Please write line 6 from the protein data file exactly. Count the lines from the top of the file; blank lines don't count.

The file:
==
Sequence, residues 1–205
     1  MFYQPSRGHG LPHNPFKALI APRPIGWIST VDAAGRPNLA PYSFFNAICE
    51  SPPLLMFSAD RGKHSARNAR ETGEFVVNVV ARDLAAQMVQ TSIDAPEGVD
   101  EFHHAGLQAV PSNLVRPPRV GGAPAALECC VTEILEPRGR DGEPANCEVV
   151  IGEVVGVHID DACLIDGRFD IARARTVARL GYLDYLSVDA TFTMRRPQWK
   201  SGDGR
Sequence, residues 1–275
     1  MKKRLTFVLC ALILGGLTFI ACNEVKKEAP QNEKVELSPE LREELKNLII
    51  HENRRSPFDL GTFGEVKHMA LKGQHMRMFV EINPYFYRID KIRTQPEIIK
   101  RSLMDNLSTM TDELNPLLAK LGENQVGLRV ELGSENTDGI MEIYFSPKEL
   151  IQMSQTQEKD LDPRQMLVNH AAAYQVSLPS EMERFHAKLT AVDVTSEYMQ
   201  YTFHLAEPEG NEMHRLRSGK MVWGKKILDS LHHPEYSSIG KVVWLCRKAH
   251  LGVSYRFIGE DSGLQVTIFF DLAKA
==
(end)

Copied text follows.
   201  SGDGR